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Early Childhood Health Targeted As Path To Better Education

Miguelina Matista, right, benefited from early childhood programs for her daughter, Nicaury, and son, Noel. Now she is volunteering to let other Danbury parents know about free programs offered through social services agencies.

Experts are focusing more money and attention on the health of young children in Connecticut in an effort to prepare them to be successful in school later on. (more…) Continue Reading →

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Derby Pain Clinic Terminated From Medicaid Program

The state has barred practitioners at a Derby pain clinic, including a high-prescribing nurse, from participating in the Medicaid program because of improprieties in treatment and oversight. Documents from the Department of Social Services (DSS) show the physician heading the clinic, Dr. Mark Thimineur, and four nurses and assistants were notified in July that their participation in the Connecticut Medical Assistance Program, which includes Medicaid, is being terminated on Aug. 30. (more…) Continue Reading →

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Highest Prescribers Of Cancer Drug Paid As Speakers


Eight of the top 10 prescribers of a potent narcotic used for cancer pain were paid more than $870,000 in speaking fees by the drug maker in 2013 and 2014 -- indicating that Derby nurse Heather Alfonso was not the only high prescriber compensated by the company. Alfonso, an advanced practice registered nurse (APRN) who worked at the Comprehensive Pain and Headache Treatment Center in Derby, pleaded guilty last month to accepting $83,000 in kickbacks from 2013 to March 2015 from the drug company Insys Therapeutics, which has heavily marketed a painkiller called Subsys, a sublingual fentanyl spray approved only for cancer patients. Alfonso was paid to speak about Subsys at more than 70 “dinner programs,” but most of those programs were attended only by her and a sales representative for Insys, or by Alfonso’s colleagues and friends who had no authority to prescribe the drug, according to the U.S. Attorney’s Office for Connecticut. (more…) Continue Reading →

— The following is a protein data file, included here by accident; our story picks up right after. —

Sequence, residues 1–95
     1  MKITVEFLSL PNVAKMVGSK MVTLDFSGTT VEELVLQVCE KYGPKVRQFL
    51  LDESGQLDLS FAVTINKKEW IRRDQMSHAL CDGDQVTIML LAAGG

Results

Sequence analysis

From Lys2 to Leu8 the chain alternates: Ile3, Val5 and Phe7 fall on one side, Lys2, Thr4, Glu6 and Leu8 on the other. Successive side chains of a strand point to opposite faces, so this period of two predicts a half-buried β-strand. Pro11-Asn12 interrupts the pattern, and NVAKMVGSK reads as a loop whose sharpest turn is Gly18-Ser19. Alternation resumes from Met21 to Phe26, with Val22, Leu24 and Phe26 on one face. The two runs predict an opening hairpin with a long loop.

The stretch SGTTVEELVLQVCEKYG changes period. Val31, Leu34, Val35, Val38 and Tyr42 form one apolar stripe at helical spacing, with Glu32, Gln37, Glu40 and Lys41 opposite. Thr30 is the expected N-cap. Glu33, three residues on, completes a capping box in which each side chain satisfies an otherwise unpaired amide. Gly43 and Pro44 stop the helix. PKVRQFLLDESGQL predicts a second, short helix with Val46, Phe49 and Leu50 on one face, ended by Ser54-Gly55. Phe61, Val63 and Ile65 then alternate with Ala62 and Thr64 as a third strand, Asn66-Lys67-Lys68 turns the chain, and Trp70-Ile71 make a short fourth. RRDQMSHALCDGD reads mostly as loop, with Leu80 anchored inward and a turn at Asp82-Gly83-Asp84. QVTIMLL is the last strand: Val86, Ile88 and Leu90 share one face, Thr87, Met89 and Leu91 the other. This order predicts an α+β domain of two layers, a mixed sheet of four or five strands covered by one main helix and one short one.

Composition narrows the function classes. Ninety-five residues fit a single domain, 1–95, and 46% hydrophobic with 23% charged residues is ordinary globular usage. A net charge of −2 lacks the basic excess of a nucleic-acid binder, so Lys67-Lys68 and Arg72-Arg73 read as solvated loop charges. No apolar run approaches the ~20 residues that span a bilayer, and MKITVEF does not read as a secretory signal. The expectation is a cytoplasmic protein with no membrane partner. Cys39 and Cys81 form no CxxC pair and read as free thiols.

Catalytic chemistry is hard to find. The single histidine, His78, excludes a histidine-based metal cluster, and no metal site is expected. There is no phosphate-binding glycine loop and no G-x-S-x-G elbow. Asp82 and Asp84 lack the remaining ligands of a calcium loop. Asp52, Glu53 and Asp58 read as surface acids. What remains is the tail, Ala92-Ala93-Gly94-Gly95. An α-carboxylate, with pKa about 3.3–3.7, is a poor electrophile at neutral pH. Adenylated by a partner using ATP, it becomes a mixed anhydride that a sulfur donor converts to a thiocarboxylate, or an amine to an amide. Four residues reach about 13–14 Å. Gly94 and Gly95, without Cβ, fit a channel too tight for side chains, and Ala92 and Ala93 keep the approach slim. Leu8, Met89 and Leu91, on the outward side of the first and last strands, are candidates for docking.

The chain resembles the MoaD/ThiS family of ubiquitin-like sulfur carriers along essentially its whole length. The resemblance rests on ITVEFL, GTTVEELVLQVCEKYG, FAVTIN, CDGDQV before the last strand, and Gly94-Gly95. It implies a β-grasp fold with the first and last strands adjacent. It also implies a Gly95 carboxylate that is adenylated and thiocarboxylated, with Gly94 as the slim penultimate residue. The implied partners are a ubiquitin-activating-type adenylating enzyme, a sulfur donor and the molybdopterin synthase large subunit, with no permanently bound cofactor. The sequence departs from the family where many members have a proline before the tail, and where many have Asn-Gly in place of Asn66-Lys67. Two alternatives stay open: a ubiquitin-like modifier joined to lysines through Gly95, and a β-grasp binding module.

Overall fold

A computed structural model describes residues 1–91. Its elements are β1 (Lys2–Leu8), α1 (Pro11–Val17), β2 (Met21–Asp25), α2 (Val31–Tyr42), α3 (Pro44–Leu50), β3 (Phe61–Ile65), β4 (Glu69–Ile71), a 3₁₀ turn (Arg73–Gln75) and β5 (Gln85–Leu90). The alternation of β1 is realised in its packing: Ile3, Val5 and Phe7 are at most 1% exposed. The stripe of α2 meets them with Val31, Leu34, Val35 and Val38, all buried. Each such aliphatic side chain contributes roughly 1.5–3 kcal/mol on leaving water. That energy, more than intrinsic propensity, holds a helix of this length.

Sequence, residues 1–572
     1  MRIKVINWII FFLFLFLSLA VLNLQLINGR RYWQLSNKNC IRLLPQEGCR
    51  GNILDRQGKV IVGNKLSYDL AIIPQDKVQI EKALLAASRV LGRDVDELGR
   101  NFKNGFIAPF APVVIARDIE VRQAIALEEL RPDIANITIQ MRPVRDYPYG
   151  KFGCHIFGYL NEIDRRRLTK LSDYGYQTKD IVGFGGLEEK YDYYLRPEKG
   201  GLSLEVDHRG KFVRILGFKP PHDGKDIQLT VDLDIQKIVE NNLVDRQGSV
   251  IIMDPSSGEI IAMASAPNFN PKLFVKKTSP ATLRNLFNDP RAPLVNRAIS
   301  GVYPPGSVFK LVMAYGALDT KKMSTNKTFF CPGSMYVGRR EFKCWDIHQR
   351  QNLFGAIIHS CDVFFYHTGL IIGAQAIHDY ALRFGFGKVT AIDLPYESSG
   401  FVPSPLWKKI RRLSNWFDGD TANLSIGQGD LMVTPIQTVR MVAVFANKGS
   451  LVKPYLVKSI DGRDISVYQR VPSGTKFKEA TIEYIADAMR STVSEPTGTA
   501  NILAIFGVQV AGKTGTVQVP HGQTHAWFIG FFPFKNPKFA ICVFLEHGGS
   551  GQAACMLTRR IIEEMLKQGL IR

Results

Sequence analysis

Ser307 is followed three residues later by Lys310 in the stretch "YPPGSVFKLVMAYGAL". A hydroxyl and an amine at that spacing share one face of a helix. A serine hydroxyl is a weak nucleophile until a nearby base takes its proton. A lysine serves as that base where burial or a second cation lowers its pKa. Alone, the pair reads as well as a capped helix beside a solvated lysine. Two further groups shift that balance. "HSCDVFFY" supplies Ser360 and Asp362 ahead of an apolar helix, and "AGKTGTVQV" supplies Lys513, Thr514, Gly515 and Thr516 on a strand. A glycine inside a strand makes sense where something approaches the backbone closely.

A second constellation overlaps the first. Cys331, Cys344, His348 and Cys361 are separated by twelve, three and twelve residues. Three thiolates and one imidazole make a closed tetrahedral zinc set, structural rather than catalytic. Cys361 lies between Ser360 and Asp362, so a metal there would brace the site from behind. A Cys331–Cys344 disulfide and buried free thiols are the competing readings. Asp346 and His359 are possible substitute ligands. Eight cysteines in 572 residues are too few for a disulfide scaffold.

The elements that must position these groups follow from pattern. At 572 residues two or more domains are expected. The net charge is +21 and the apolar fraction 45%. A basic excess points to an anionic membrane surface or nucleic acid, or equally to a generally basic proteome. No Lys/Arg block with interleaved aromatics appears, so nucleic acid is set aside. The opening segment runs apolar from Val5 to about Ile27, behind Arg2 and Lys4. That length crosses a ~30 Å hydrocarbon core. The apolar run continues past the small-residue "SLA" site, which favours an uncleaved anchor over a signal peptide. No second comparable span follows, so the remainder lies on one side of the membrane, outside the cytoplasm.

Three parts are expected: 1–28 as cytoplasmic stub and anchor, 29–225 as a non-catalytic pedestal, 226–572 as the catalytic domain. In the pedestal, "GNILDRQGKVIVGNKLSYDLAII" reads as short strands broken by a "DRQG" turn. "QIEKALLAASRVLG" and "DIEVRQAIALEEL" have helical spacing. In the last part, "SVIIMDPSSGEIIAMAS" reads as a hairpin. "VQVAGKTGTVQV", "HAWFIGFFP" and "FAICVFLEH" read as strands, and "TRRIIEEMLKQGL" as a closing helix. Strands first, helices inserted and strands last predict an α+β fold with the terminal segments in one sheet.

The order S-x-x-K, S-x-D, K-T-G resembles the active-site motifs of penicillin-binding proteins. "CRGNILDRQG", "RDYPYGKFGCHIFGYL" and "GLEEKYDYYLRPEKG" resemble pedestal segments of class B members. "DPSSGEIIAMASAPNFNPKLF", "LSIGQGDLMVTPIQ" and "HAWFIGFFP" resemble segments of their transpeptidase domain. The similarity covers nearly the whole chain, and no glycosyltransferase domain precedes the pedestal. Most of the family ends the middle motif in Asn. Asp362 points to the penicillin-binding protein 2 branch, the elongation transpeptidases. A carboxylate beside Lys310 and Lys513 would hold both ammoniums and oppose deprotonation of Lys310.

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Can The FDA Adequately Police Generics?


As the federal government advocates increased use of generic drugs, concerns are mounting about the U.S. Food and Drug Administration’s oversight and the quality or effectiveness of some generics. In the last eight months, the FDA has acknowledged that two generic versions of the attention-deficit/hyperactivity disorder drug Concerta it approved may not work as effectively as the brand-name product. The agency told the drugs’ manufacturers to confirm their effectiveness or withdraw them from the market. (more…) Continue Reading →

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Meriden Family Sues Nurse For “Potentially Deadly” Prescribing

The family of a Meriden man who died in 2013 at age 56 is suing Derby nurse practitioner Heather Alfonso and the pain clinic where she worked, alleging that her rampant overprescribing of narcotics contributed to his death. Joseph Torchia’s wife and son claim in a lawsuit filed in Waterbury Superior Court that Alfonso, who was recently charged by federal prosecutors with accepting kickbacks from a drug company, prescribed “unlawfully high” doses of narcotics to Torchia for more than a year, ignoring signs that he was suffering from liver cirrhosis, gallbladder disease, internal bleeding and narcotics’ dependency. (more…) Continue Reading →